Equity release can be the right solution for some older people who are looking for a cash lump sum or extra regular income, but who don’t want to move to a smaller, less expensive property.
However, there are a number of potential pitfalls and issues to be aware of if you are thinking of taking out an equity release deal.
Find out more about equity release.
Mounting interest bills
If you take out the most common type of equity release deal, known as a lifetime mortgage, you borrow money against the value of your home at a certain rate of interest, which is normally fixed for the full term of the plan.
The capital and interest is only repaid at the end of the scheme, when you die or move into long-term care.
This means, however, that interest charges can mount up quickly: if you live for a long time after taking out your plan, your total debt could eventually exceed the value of your home.
However, bear in mind that reputable providers should offer a no negative-equity guarantee, which means you or your family will not have to repay more than the property is worth when the scheme ends.
It is also worth noting that there are plans available which allow you to repay interest on the loan on a monthly basis, which will mean the amount owing at the end of the plan will just be the amount borrowed.
Five poor equity release deal warning signs
Missing out on house-price rises
Another type of equity release plan, home reversion, involves you selling a share in your home to a provider in return for a cash lump sum and the right to remain living there.
When the property is eventually sold, the provider gets its share of the proceeds.
What this means, however, is that you or your family will not benefit from any rises in value on that share – so if you were to sell a 40% stake in your home to an equity release provider, you would only see 60% of any future house-price increases.
Limits on the amount you can release
While you might have a considerable amount of equity in your home at present, the amount you can release could be substantially less.
Equity release providers typically have to wait many years before they are repaid, and as a result the “discounts” they apply to the amount available can be large.
Generally, the younger you are and the better your state of health when you sign up, the less equity you will be able to unlock.
What is equity release?
Look at the alternatives
If you need extra money in retirement, equity release might be an appealing option, but it is worth considering the alternatives given the fact that interest charges can be high or you might have to give up some ownership.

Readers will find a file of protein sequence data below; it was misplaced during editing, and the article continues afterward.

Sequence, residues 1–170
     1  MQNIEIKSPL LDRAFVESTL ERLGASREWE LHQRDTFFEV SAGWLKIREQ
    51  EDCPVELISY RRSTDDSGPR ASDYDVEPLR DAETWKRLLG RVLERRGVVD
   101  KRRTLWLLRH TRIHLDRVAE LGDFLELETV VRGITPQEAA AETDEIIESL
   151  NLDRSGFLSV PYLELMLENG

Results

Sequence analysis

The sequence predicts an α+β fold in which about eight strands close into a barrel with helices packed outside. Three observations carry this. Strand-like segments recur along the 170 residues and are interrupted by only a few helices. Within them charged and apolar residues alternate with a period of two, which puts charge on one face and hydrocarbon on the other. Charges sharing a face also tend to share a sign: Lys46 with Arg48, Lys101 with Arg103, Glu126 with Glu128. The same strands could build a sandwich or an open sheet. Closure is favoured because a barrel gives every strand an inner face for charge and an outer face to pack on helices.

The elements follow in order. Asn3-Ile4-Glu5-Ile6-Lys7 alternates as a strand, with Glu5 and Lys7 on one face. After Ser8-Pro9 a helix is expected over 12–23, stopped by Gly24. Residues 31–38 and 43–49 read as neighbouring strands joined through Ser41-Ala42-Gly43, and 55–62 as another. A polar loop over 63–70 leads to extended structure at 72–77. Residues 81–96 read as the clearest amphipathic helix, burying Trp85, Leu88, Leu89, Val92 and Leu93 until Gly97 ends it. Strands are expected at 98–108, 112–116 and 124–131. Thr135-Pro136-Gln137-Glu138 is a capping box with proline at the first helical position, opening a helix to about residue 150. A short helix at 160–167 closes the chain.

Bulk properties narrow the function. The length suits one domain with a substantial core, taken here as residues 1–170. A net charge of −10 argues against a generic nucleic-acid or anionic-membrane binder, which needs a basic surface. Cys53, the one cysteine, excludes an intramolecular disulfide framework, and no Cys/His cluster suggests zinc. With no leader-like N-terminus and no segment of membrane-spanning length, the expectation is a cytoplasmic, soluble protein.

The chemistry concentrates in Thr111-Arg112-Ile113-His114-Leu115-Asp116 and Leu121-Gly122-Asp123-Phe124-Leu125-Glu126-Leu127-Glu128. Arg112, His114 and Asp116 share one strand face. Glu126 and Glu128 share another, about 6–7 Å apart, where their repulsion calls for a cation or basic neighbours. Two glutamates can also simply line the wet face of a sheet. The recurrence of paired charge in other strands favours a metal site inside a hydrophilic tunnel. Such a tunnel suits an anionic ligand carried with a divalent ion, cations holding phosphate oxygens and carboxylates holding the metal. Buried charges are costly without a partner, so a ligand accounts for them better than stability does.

You might be able to downsize to a smaller property or borrow money in another way – family members may even be willing to help you out given the potential impact equity release could have on their inheritance.
Will equity release affect inheritance?
A good equity release adviser will discuss the alternatives with you and only recommend equity release if it is the most suitable option based on your personal circumstances.
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Get the right advice
Ensure that you are getting impartial specialist advice about whether equity release is suitable for you, and what other options are available. You can search for a local adviser who is a member of the Equity Release Council here.
I’m considering an equity- release scheme and have been told I should be able to raise more money due to my poor state of health. Is that true?
If you’re considering raising cash in retirement against your property using equity release, you also have a clear financial incentive to disclose any health issues, as you could generate more money from an ‘impaired life’ scheme.
According to the Saga Equity Release Advice Service, a 70-year-old who owned a property worth £300,000 could typically generate a maximum £123,000 from a standard plan if they were in a reasonable state of health. But if they smoked, were overweight and had high blood pressure, they could get £163,500, which is £40,500 more.
When you take out an equity-release plan, also called a lifetime mortgage, the interest typically rolls up and is repaid along with the original capital when you die or go into care. The shorter your life expectancy, the sooner the company can expect to get its money, allowing it to offer you better terms.
There are few times when poor health works to your advantage, but this is one of them.
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